By now everyone has seen the viral video of Brandt Jean in the courtroom tearfully forgiving and hugging Amber Guyger, the police officer convicted of murdering his brother, Botham. The video has been met with mixed reaction and understandably so. For many people, it was an inspiring moment of grace. For others, it was a mockery of justice, an outrage.
Perhaps we may make sense of Brandt’s action if we see it in the light of Jesus’ own outrageous behaviour as recounted in the Gospels. Jesus, outrageous? Well, let’s have a look.
The problem is that we read the Bible from our modern ‘enlightened’ perspective, and this leads us inevitably to misread the Gospel narratives. We tend to see Jesus as a romantic rebel opposing a legalistically stifling and unjust society. We misinterpret his constant confrontations with the Pharisees as someone speaking truth to power. The fact is, the poor Pharisees have got a bad rap. They were merely upholding the law.
But if we look at Jesus’ conduct in the context of his own time and place – a patriarchal, tribal society in which women were regarded as property, first of their fathers and then their husbands – we quickly realise how outrageous and scandalous Jesus was.
Take, for example, the woman caught in adultery who is about to receive the standard legal punishment of being stoned to death. From our modern perspective we view such a punishment as both unmerited and barbaric and therefore see Jesus’ enigmatic intervention (he does not say she should not be stoned, only that he who is without sin should cast the first stone) as saving the poor woman from an unfair and grisly death. But the fact is that most members of that society would have seen the punishment as perfectly appropriate and just. Why does Jesus not join them? Even his closest disciples often found his behaviour disturbing.
And look at some of the parables. A shepherd who is going to leave 99 of his flock unguarded to find one lost lamb? In an agrarian society this is sheer madness. Not to mention that the ‘good’ Samaritan was a thoughtless fool. And worst of all is the besotted father killing the fatted calf for his younger son who wasted all his inheritance. No wonder the older son was blue vex.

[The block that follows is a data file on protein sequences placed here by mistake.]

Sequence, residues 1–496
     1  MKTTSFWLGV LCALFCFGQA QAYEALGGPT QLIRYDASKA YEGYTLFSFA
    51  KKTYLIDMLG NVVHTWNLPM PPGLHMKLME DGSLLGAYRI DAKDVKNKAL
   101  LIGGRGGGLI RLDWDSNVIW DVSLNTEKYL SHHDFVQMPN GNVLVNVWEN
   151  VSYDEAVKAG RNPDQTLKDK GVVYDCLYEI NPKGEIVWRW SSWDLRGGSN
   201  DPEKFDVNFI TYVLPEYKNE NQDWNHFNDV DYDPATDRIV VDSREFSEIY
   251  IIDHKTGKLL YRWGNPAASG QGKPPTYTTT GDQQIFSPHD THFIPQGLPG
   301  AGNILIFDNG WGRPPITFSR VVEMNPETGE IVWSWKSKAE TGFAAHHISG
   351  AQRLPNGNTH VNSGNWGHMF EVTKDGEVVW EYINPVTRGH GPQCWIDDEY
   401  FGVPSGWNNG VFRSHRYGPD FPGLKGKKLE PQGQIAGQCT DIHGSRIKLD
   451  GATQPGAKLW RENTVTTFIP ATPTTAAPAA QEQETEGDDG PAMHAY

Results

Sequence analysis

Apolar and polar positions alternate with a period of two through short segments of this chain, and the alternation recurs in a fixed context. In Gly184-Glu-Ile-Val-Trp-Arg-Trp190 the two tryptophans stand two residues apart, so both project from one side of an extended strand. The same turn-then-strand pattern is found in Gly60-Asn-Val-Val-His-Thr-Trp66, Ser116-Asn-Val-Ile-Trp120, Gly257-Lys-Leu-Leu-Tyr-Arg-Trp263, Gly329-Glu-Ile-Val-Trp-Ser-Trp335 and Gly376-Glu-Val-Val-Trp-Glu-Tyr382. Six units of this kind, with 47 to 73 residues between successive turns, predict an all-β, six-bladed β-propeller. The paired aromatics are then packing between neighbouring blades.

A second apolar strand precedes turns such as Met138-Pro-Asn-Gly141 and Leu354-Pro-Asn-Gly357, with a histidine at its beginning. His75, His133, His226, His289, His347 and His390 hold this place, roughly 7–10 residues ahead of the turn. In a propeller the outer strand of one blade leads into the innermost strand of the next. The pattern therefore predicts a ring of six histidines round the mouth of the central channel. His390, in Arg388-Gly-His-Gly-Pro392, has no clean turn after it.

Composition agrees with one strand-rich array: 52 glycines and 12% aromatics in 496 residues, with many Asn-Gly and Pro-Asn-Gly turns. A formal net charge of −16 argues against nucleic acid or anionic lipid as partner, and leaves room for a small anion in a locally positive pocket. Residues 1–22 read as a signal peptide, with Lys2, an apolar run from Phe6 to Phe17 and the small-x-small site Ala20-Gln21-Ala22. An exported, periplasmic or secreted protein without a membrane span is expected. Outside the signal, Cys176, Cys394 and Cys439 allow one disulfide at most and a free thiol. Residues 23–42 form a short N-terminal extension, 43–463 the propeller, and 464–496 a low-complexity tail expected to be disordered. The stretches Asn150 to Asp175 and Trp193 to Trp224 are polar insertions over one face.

So why is Jesus so outrageous? Because he is teaching and showing unconditional love and mercy, and we simply cannot wrap our heads around that, because unconditional mercy violates all the precepts that underlie a human society based on justice, order and fairness. And before Jesus, there were all these crazy Hebrew prophets preaching the same message.
Now, we know that mercy begins where justice ends. But on those occasions when as a society we extend mercy, it too is always conditional: ‘oh, there were mitigating circumstances’, or ‘the woman was abused by her husband for years before she decided to kill him’, or ‘the poor, young man came out of a poverty-stricken environment’. But these are all contingent. Jesus’ mercy is unconditional, and that is why it is so outrageous.
Most Christians struggle faithfully, even if with difficulty, to live a life in accordance with the scriptures. But when it comes to unconditional love and compassion, we stumble and fall short. That’s why we’re all sinners. Christianity may be simple (love God and love your neighbour), but it’s not easy.
But let’s get back to this 18-year-old young man, Brandt Jean. What is the context of his action in forgiving the woman who murdered his brother, Botham?
Simply put, she killed Botham for being black in his own home. How many people believe that if she had mistakenly entered the apartment of a white man and found him eating a bowl of ice cream she would have killed him? There would have been a moment of temporary confusion, followed by embarrassment and an apology and she would have left without even drawing her gun. But she had been conditioned by her society, her culture and her professional training to equate a black male with life-threatening danger. Her immediate response: shoot to kill. And she did. Justice demanded she got at least 20 years.
Brandt’s forgiveness of her, his unconditional mercy, symbolised in that tearful hug that went around the world, was truly Christ-like: it was both outrageous and a moment of grace.
(Dr. Peter Laurie is a retired permanent secretary and head of the Foreign Service who once served as Barbados’ Ambassador to the United States)
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